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February 09 , 2010

Early Israel and the Surrounding Nations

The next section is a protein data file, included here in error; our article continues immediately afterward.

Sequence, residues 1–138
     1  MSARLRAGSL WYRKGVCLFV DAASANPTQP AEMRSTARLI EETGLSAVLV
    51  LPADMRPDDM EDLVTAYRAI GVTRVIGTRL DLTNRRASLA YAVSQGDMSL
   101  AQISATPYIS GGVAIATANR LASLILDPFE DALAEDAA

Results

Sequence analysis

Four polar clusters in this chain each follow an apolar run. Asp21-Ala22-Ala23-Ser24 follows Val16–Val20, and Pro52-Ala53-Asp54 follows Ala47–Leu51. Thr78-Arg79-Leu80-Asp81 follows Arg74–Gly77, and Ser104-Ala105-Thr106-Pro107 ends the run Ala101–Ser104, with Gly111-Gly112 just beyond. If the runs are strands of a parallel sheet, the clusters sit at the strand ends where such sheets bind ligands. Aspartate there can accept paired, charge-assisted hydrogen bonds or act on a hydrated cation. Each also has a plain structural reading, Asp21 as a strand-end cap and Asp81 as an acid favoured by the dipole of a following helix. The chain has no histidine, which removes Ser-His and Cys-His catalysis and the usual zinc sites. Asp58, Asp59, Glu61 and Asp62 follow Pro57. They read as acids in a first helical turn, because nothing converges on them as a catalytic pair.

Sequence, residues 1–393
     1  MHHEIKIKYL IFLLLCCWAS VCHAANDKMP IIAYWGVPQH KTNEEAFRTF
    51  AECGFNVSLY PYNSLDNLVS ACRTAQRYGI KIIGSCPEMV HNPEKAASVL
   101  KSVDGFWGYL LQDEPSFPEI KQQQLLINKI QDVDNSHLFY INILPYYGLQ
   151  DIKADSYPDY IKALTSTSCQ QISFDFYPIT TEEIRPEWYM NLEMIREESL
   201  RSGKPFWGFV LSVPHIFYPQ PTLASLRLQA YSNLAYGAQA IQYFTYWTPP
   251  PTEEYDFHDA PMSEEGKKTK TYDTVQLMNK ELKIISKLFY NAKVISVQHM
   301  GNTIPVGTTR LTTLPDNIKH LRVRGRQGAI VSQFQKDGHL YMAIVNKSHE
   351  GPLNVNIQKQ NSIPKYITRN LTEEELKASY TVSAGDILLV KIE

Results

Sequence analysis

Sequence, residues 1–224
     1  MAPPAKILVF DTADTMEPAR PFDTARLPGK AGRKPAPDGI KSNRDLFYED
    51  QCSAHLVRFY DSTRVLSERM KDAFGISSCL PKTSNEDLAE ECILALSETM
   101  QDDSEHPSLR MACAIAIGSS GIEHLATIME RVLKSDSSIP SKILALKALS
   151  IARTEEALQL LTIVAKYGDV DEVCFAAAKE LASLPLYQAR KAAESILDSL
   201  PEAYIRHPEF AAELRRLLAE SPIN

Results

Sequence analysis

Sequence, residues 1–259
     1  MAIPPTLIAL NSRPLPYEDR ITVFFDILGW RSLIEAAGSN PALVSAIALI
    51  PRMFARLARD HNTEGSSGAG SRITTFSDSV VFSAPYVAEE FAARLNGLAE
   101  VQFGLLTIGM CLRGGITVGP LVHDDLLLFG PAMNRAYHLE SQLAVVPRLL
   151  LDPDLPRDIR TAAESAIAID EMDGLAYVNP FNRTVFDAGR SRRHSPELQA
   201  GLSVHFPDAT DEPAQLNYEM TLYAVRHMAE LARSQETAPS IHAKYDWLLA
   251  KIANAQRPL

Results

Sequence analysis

One of the first facts which strike the traveller in Palestine is the smallness of a country which has nevertheless occupied so large a space in the history of civilised mankind. It is scarcely larger than an English county, and a considerable portion of it is occupied by rocky mountains and barren defiles where cultivation is impossible. Its population could never have been great, and though cities and villages were crowded together on the plains and in the valleys, and perched at times on almost inaccessible crags, the difficulty of finding sustenance for their inhabitants prevented them from rivalling in size the European or American towns of to-day. Like the country in which they dwelt, the people of Palestine were necessarily but a small population when compared with the nations of our modern age. And yet it was just this scanty population which has left so deep an impress on the thoughts and religion of mankind, and the narrow strip of territory they inhabited which formed the battle-ground of the ancient empires of the world. Israel was few in numbers, and the Canaan it conquered was limited in extent; but they became as it were the centre round which the forces of civilisation revolved, and towards which they all pointed. Palestine, in fact, was for the eastern world what Athens was for the western world; Athens and Attica were alike insignificant in area and the Athenians were but a handful of men, but we derive from them the principles of our art and philosophic speculation just as we derive from Israel and Canaan the principles of our religion. Palestine has been the mOther-land of the religion of civilised man. The geographical position of Palestine had much to do with this result. It was the outpost of western Asia on the side of the Mediterranean, as England is the outpost of Europe on the side of the Atlantic; and just as the Atlantic is the highroad of commerce and trade for us of to-day, so the Mediterranean was the seat of maritime enterprise and the source of maritime wealth for the generations of the past. Palestine, moreover, was the meeting-place of Asia and Africa. Not only was the way open for its merchants by sea to the harbours and products of Europe, but the desert which formed its southern boundary sloped away to the frontiers of Egypt, while to the north and east it was in touch with the great kingdoms of western Asia, with Babylonia and Assyria, Mesopotamia and the Hittites of the north. In days of which we are just beginning to have a glimpse it had been a province of the Babylonian empire, and when Egypt threw off the yoke of its Asiatic conquerors and prepared to win an empire for itself, Canaan was the earliest of its spoils. In a later age Assyrians, Babylonians, and Egyptians again contended for the mastery on the plains of Palestine; the possession of Jerusalem allowed the Assyrian king to march unopposed into Egypt, and the battle of Megiddo placed all Asia west of the Euphrates at the feet of the Egyptian Pharaoh. Palestine is thus a centre of ancient Oriental history. Its occupation by Babylonians or Egyptians marks the shifting of the balance of power between Asia and Africa. The fortunes of the great empires of the eastern world are to a large extent reflected in its history. The rise of the one meant the loss of Palestine to the Other
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